Logic flows throughout a lot of potential actions to take. At one point, examining a room reveals the existence of a TV. Later on, remembering where the TV lives will pay off when you find yourself in a situation when one is required. Reasoning out little information puzzles like these are where the Famicom Detective Club games feel the most normal and rewarding. Inquisitive minds get rewarded with smooth progression, and by paying enough attention, you may even figure out key information regarding the mystery itself long before the game explicitly reveals it.
The second game, The Girl Who Stands Behind, contains a mechanic designed to punish you for random guessing. At the end of the game, your compatibility with your detective partner Ayumi Tachibana gets judged based on choices you made throughout the game. You’ll likely receive some penalizations simply for chasing down every potential lead you can. For example, if you chat up other female characters too much, Ayumi will find out through telepathy and you’ll lose some points for it. I guess I can’t claim to know much about what girls like - apparently it is bad to repeatedly show them pictures of their dead friend for no reason too. Who knew!
Of course, not every solution makes perfect sense. The 5 p.m. puzzle I described above, for example. I’d estimate a person could reason their way through about 90% of the method required to progress the game at that point, however most will inevitably fall short. After activating certain progression triggers, you end up needing to awkwardly switch back and forth between conversation partners in an unnatural way until you are specifically told you can leave. The game appears to be pushing you to leave at virtually any point before that, but if you do so, you have to start the whole process again.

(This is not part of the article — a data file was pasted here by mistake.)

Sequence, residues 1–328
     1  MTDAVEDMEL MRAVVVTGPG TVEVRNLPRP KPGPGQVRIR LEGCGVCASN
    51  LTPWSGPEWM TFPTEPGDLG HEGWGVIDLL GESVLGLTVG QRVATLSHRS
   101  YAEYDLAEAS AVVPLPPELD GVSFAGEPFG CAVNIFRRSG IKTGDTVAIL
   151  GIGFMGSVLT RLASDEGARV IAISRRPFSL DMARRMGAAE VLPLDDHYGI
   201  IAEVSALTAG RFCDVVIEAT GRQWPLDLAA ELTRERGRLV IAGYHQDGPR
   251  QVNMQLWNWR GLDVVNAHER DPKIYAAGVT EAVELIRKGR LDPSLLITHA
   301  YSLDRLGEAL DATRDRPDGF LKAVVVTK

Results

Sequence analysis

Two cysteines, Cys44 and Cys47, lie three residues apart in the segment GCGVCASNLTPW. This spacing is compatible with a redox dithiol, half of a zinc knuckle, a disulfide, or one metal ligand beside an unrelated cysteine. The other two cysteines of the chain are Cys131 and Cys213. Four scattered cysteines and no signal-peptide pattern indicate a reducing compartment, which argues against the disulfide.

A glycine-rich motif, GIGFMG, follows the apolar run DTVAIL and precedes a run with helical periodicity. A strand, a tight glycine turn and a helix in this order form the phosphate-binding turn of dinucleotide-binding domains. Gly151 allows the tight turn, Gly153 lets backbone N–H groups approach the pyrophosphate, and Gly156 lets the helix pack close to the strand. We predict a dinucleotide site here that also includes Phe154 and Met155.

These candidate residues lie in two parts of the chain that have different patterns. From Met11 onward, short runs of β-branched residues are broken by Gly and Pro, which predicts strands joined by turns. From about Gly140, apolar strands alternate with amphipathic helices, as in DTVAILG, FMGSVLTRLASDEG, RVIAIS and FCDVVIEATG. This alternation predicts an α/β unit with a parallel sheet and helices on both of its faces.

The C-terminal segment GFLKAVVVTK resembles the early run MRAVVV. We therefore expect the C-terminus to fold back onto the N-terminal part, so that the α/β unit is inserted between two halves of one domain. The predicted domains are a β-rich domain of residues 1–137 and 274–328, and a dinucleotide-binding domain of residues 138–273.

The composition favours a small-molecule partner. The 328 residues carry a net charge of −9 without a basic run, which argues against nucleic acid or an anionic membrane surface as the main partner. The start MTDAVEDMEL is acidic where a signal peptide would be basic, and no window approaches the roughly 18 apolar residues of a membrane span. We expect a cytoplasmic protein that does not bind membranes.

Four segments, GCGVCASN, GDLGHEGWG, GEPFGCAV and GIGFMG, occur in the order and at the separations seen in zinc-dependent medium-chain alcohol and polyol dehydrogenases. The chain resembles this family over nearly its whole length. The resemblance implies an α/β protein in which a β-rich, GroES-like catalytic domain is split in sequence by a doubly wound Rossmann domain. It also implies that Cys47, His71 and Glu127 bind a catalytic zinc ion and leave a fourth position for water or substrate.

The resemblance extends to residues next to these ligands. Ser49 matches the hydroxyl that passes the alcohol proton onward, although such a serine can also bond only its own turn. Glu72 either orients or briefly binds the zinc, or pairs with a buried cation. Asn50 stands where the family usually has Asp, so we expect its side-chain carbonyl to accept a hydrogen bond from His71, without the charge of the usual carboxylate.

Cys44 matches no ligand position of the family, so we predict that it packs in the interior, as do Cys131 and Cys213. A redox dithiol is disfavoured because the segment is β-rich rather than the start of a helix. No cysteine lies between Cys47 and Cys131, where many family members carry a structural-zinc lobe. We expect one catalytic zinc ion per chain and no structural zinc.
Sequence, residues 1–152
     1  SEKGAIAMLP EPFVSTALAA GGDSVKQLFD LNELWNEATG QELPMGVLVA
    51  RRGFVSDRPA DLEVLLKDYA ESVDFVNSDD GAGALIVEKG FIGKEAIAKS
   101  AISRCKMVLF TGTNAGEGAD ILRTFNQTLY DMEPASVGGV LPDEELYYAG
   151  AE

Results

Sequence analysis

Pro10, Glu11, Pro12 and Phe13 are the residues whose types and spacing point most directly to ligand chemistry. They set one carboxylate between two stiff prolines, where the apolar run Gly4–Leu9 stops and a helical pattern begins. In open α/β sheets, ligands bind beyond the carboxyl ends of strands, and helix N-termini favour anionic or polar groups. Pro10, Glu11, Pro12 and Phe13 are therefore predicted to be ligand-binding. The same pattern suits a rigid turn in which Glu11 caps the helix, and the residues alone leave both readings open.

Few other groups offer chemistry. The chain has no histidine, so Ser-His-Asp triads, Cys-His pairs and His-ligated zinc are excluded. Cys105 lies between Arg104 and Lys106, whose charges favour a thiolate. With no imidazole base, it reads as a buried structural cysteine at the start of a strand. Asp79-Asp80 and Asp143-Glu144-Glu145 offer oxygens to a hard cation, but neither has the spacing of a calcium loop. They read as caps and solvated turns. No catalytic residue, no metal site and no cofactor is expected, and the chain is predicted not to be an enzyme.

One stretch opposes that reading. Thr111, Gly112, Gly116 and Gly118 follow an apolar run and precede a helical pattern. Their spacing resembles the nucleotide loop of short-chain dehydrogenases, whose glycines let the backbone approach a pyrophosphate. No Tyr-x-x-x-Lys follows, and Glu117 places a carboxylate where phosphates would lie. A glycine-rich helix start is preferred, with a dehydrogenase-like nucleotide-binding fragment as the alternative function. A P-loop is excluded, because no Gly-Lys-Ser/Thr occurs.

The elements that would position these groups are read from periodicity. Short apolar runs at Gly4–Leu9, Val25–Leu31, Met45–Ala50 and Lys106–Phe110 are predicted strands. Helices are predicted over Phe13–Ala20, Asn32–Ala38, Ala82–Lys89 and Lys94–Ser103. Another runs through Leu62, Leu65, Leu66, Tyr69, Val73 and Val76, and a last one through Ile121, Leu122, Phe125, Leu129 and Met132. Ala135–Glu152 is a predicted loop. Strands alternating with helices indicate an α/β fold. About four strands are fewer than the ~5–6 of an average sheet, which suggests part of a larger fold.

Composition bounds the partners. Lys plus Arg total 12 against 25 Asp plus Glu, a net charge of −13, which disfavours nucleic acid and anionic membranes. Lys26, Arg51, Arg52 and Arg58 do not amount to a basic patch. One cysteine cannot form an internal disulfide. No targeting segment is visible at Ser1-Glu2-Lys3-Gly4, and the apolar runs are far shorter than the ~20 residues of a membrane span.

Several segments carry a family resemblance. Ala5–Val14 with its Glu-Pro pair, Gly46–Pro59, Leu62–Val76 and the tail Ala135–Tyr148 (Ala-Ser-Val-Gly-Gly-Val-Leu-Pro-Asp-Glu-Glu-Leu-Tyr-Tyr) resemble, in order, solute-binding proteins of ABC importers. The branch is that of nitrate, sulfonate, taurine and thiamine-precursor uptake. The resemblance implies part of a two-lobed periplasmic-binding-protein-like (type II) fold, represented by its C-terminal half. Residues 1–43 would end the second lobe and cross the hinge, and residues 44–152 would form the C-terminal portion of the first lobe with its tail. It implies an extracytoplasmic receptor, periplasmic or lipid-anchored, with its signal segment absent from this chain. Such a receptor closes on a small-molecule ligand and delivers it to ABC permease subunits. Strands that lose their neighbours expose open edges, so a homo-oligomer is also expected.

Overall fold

It’s dumb - this section is probably the lowest point of either game. While this happens to be the most extreme example, the Famicom Detective games are filled with smaller, less annoying scenarios where the solution lies more in fidgeting with the mechanics of the game than the natural logic behind the actions.
Even when the answer to the next progression block defies logic, however, I’d be lying if I said I didn’t still have some fun with that too. Is my brain just broken, or is there something else going on? Maybe it can be both, a good detective shouldn’t be leaving out any possibilities here.